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Suicide in the African American Community

Suicide in the African American Community

By: Yvette Smothers

Louisiana ranks 30th for suicide death rates among the 15-24-year-old age group- or 15.2 percent according to the American Association for Suicidology. According to WebMD, in the United States, suicide death rates among African American females aged 13 to 19 rose 182% between 2001 and 2017, while the rate among African American males in that age range rose 60% during that same time period.  Suicide is the 11th leading cause of death in Louisiana and the 2nd leading cause of death for 10-24-year-old age group.  “What is clear,” said Michael Lindsey, executive director of NYU’s McSilver Institute, who took part in a similar study, “is that suicide is a public health crisis.”

Among African American teens, suicide deaths are alarmingly on the rise. A profound example in Louisiana is the case of Traeh (Heart spelled backwards) Thyssen. Traeh was only 13 when he died by suicide. He had been a victim of bullying for some time. Unfortunately, bullying is one of the leading causes of suicide amongst African American youth. The lack of accessible healthcare is another contribution. His mother, Rosalynn Thyssen said Traeh was a “happy and outgoing kid. He loved acting, dancing, drawing, but most importantly, just seeing people smile”. In an interview with WAFB News in Baton Rouge, Thyssen said, “I tried to focus more on his life, and letting him live through others by just making sure people know that tomorrow gets better. A lot of people are afraid to talk about suicide, it is taboo, it makes people uncomfortable, but I can say that I would rather have a 15-minute uncomfortable conversation than deal with the pain of losing anyone else to suicide because that pain is forever”.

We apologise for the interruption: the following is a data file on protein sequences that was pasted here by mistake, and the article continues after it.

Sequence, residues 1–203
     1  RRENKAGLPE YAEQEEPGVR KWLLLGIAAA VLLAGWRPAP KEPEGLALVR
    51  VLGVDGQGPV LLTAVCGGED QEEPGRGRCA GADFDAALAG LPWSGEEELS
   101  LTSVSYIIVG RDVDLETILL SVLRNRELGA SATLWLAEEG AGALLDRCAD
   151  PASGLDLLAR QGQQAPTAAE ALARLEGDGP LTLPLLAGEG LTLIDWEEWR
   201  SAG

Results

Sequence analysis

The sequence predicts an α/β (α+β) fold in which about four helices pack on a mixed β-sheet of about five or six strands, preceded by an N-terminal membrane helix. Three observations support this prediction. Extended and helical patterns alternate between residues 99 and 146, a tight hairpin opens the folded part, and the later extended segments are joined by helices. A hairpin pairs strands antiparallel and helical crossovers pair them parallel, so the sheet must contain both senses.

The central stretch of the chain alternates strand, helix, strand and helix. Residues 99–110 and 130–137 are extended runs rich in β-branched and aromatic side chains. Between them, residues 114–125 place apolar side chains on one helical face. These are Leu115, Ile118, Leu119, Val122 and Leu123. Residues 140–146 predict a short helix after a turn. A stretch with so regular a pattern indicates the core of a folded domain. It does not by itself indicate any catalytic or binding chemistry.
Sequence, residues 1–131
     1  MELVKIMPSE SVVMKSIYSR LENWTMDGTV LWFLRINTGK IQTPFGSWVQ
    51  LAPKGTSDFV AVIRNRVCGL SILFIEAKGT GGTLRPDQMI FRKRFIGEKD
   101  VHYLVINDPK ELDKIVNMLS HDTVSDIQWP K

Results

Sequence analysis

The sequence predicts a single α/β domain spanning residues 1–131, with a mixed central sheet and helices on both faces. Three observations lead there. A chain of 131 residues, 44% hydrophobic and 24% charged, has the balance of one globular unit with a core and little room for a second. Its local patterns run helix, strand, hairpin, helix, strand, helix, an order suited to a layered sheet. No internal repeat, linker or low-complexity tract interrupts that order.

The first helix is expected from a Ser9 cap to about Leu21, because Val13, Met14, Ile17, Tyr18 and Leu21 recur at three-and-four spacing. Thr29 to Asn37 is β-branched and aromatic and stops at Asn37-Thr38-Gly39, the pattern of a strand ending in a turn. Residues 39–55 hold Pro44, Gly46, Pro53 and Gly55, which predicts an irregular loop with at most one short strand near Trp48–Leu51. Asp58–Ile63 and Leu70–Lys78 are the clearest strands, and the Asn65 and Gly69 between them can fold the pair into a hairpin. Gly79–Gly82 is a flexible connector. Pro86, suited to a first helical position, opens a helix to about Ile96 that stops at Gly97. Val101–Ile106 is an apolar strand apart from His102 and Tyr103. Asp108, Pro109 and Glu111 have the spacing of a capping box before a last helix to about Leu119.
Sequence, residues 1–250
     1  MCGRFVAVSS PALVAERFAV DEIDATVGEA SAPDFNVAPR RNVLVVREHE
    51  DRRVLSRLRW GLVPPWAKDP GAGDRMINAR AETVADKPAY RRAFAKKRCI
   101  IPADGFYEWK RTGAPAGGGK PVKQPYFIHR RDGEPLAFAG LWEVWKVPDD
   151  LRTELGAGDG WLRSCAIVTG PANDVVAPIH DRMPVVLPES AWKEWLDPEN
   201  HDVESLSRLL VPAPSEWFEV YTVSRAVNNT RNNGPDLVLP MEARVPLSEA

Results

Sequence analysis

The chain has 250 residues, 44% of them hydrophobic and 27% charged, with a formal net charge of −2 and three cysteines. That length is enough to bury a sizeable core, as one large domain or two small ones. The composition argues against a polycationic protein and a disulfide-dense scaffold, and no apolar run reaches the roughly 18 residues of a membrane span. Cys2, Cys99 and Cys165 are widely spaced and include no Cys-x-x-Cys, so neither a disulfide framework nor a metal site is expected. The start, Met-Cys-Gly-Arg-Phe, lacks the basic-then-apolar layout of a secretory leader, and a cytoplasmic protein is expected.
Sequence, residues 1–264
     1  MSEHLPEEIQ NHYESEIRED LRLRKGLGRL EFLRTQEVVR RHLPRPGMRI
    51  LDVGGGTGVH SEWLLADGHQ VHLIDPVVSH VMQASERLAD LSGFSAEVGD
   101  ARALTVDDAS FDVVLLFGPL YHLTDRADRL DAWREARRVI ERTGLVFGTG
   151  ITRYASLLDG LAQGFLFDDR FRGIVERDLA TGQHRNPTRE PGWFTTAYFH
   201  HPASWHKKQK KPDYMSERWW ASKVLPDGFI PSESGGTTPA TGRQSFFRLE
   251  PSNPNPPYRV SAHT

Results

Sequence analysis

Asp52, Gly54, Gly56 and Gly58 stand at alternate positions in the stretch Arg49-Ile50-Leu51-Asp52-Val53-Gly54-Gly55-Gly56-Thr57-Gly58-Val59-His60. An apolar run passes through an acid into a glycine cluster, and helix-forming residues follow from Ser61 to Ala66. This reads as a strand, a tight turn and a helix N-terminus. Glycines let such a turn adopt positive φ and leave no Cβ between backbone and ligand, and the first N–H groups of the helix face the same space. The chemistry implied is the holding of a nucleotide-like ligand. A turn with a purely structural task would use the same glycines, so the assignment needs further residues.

Representative Barbara Carpenter, the Vice-Chairwoman of the Louisiana Legislative Black Caucus, which is part of an effort to change Louisiana laws regarding suicide, assessed the situation and stated, “mental health has always been a concern in the African American community. However, so much stigma associated with the disease has prevented the African American community from seeking acceptable treatment. The fact that there is a rise in the suicide death rate among African American male and female adolescents is troubling.  Our young people are faced with many issues related to peer pressure, dysfunctional families, racial discrimination, the lack of economic advancements and now COVID, all of which lead to mental distress of the younger generation. Until those factors are recognized as major contributing factors, the rate of suicide will continue.”

There is a solution to address this growing crisis. Schools need to monitor bullying and ensure that victims of bullying get the care and support they need. Mental health care access also needs to be accessible to all of those who need it. Lastly, it is important to talk to children about mental health. By having open discussions about how one feels, the stigma behind mental health can be reduced and people can get the help they need.

If you or someone you know are having thoughts of suicide, please call the National Suicide Prevention Lifeline at 1-800-273-TALK (8255) or text  “HOME” to 741741.


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